BACK TO THE FOLD

WHEN DOC­TOR CHARLES PEN­FOLD SET UP ROOMS AT THE GRANGE COT­TAGE ON AN ES­TATE OUT­SIDE ADE­LAIDE IN 1844, HIS WIFE PLANTED A SMALL VINE­YARD. THEY MIGHT BE SUR­PRISED TO KNOW WHAT THE NAME ‘PEN­FOLDS GRANGE’ MEANS NOW.

The Australian - Wish Magazine - - NEWS - STORY AN­GUS HUGH­SON

Nested in the Ade­laide foothills, and just a short drive from Ade­laide’s city cen­tre, sits pos­si­bly Aus­tralia’s great­est mon­u­ment to wine: the Pen­folds Mag­ill cel­lar door. For more than 170 years the orig­i­nal Pen­folds win­ery has ex­isted on this very spot, with many foun­da­tions of the firm’s suc­cess laid here. Ev­ery sum­mer brings a flurry of ac­tiv­ity as fruit and wines make their way up the gen­tle slope to its an­cient cel­lar.

Mag­ill Es­tate, now lo­cated in the Ade­laide sub­urb of Roslyn Park, was orig­i­nally much larger — 2000 hectares of prime land pur­chased by Christo­pher Pen­fold in 1844. Dr Pen­fold es­tab­lished his surgery in the Grange cot­tage on the prop­erty, and his wife Mary tended the gar­den, plant­ing it with wheat, bar­ley, oats, gar­den veg­eta­bles, fruit trees — and a lit­tle vine­yard.

The first wines un­der the Pen­folds name were hand­made Mag­ill health ton­ics, pre­scribed by the good doc­tor for his pa­tients. But within 20 years the first Mag­ill wines proper were for sale through­out the colony

with wheat also from the prop­erty ex­ported to Lon­don. And over the next 150 years the site grew to be not only the spir­i­tual home of Pen­folds Grange but also the place where Pen­folds helped to change the world’s view of Aus­tralian wine.

To­day Mag­ill Es­tate re­tains its in­dus­trial her­itage: grandiose blues­tone-fronted cel­lars that house bar­rels of age­ing wines, fer­menters long re­spon­si­ble for Pen­folds Grange and an old dis­tillery. Hid­den within are lav­ish din­ing rooms and well-ap­pointed of­fices, dat­ing back to the era when Grange’s founder Max Schu­bert hid his se­cret vin­tages and Pen­folds wine­mak­ers such as Ray Beck­with be­gan a global wine­mak­ing rev­o­lu­tion. In front sits what re­mains of the orig­i­nal Mag­ill Es­tate vine­yards: a beau­ti­fully man­i­cured 5ha plot of old vines, one of the few work­ing ur­ban vine­yards left in the world.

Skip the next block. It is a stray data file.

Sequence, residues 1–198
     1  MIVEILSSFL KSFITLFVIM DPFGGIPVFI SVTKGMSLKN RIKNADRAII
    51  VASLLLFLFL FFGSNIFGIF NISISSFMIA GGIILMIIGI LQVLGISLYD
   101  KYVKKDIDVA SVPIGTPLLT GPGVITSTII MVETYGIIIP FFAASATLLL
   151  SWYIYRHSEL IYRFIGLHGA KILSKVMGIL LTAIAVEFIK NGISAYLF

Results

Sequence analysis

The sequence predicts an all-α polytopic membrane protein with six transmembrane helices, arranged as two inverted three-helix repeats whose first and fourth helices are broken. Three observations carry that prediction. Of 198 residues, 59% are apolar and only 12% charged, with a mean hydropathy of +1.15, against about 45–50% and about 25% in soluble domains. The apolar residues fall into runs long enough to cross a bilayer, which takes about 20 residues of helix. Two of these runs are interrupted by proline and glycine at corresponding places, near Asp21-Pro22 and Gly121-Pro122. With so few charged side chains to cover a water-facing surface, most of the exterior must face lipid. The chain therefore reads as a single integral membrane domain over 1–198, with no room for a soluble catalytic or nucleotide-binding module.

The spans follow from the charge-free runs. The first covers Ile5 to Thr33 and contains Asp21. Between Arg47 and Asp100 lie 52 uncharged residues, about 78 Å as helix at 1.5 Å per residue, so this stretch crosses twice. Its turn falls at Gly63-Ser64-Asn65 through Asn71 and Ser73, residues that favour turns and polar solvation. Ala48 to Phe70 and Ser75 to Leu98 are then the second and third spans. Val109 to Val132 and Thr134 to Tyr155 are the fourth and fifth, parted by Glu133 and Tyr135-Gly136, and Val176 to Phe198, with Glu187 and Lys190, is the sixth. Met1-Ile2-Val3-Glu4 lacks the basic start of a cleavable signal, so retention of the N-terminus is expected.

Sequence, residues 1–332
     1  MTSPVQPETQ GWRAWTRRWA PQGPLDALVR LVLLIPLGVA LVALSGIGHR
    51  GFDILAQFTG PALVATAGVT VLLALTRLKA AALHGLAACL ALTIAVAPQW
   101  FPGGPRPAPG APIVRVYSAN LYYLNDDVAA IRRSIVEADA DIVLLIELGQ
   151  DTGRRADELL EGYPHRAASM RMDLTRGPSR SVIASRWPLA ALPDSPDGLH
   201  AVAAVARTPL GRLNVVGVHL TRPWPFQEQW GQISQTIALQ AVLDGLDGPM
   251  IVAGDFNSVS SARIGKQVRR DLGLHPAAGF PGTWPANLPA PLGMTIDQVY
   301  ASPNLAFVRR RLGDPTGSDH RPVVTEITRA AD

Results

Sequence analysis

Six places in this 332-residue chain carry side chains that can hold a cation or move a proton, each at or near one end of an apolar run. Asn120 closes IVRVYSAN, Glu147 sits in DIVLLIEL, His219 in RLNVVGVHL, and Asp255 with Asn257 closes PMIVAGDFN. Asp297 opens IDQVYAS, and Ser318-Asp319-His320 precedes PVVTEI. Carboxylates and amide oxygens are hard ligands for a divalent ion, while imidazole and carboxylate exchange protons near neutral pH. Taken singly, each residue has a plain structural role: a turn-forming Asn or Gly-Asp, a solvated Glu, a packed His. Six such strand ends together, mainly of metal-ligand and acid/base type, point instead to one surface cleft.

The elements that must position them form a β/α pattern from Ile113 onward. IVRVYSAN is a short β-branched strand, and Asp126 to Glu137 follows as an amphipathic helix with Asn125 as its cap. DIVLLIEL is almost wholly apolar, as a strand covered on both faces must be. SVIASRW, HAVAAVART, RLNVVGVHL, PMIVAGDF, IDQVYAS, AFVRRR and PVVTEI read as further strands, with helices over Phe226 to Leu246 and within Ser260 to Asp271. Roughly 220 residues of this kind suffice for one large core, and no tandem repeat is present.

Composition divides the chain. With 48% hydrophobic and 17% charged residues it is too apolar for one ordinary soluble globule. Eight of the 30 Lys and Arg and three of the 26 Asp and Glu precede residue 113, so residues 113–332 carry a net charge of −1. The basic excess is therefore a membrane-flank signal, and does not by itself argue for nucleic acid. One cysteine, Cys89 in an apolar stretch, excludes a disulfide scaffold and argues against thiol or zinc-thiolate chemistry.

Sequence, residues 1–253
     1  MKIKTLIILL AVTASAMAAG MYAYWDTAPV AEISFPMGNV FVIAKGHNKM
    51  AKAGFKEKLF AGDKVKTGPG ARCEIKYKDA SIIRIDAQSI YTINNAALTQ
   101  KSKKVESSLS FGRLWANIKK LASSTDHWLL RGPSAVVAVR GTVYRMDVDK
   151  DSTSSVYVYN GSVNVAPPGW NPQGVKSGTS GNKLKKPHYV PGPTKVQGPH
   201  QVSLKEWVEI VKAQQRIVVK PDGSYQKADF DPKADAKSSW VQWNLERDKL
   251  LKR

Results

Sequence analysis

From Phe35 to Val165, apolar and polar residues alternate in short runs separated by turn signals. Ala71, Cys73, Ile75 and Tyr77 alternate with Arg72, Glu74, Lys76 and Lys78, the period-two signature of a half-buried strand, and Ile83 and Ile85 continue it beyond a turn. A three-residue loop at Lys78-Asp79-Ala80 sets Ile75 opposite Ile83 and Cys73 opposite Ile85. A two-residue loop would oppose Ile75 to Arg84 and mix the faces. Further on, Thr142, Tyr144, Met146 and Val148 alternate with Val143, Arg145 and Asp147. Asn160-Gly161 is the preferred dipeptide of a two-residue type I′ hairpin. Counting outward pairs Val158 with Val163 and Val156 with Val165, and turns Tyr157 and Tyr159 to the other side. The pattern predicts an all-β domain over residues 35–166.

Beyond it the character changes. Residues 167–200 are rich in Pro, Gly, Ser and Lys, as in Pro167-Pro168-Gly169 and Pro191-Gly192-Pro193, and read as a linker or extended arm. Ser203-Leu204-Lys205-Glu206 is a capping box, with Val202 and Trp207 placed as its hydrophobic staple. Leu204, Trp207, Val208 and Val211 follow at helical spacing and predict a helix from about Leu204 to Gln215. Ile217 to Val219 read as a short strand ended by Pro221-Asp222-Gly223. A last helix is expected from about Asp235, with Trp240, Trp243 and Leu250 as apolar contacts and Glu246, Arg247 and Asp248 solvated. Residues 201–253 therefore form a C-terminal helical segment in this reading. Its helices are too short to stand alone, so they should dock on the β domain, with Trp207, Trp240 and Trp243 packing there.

To this pic­turesque scene has re­cently been added a breath­tak­ing mod­ern edge, thanks to a $10 mil­lion upgrade that has re­stored semi-derelict 19th-cen­tury build­ings to cre­ate a lux­ury cel­lar door ex­pe­ri­ence, more typ­i­cal of the Napa Val­ley or Bordeaux than sub­ur­ban Ade­laide. The first part opened in 2013, in­clud­ing the Mag­ill Es­tate restau­rant, fol­lowed by a ma­jor re­de­vel­op­ment of the cel­lar door in May.

The new cel­lar door com­plex re­tains the prop­erty’s his­tory while the mod­ern in­te­rior styling makes it one of Ade­laide’s must-see at­trac­tions. Over sum­mer the work­ing vine­yard and win­ery have come to life with pick­ers in to col­lect the next vin­tage of Mag­ill Es­tate shi­raz fruit and wine­mak­ers tend­ing the next su­per pre­mium Pen­folds re­leases. Chief wine­maker Peter Gago, how­ever, al­ready has his eye on some of the older win­ery build­ings to the rear of the new cel­lar door, which could add even more to the site.

At the new de­vel­op­ment’s core is a net­work of in­ter­con­nected rooms and out­door ar­eas to pro­vide a va­ri­ety of tast­ing and ed­u­ca­tional ex­pe­ri­ences. From the large tast­ing room for sam­pling all the Pen­folds wines — in­ci­den­tally en­joy­ing some of Ade­laide’s best views — to more in­ti­mate spa­ces such as the Back Vin­tage Tast­ing Room, all pay homage to Pen­folds’ long his­tory but give it a fresh, mod­ern edge. Orig­i­nal rock walls in some rooms, hewn from lo­cal stone, show the past in a style that is en­tirely con­tem­po­rary.

One of the cen­tre­pieces is Max Schu­bert’s price­less per­sonal Grange col­lec­tion, from the first bot­tling in 1951 to the 1988 vin­tage, all signed by the wine­maker. There are also guided tours of the his­toric vaults that dive deep into the hill­side, where many of the finest Pen­folds wines still await their fi­nal bot­tling.

The in­ter­na­tional pres­tige of the Pen­folds name also brings its fair share of fa­mous names to Mag­ill to sam­ple some of the coun­try’s most fa­mous wines. The re­de­vel­op­ment in­cludes a hand­ful of pri­vate tast­ing rooms hid­den in the war­ren of win­ery build­ings, where Gago and his col­leagues can en­ter­tain dis­creetly.

While wine is the fo­cus, there are two restau­rants on site — the renowned Mag­ill Es­tate, with its mod­ern fine-din­ing style, and a more ca­sual ex­pe­ri­ence in the Mag­ill Es­tate Kitchen. Din­ers at both can choose from a vast se­lec­tion of wines, with a range of Pen­folds Grange vin­tages avail­able by the glass or bot­tle, plus a hand­ful of vin­tage in­ter­na­tional bench­marks for com­par­i­son. Both are a per­fect op­por­tu­nity to en­joy a tremen­dous view and fine food with a glass of Pen­folds wine over­look­ing the vine­yard where it all be­gan.

The Pen­folds Mag­ill win­ery has un­der­gone a huge re­de­vel­op­ment into a mod­ern cel­lar door, with many tast­ing rooms and two restau­rants, that cel­e­brates the her­itage of the place and

the his­tory of the busi­ness.

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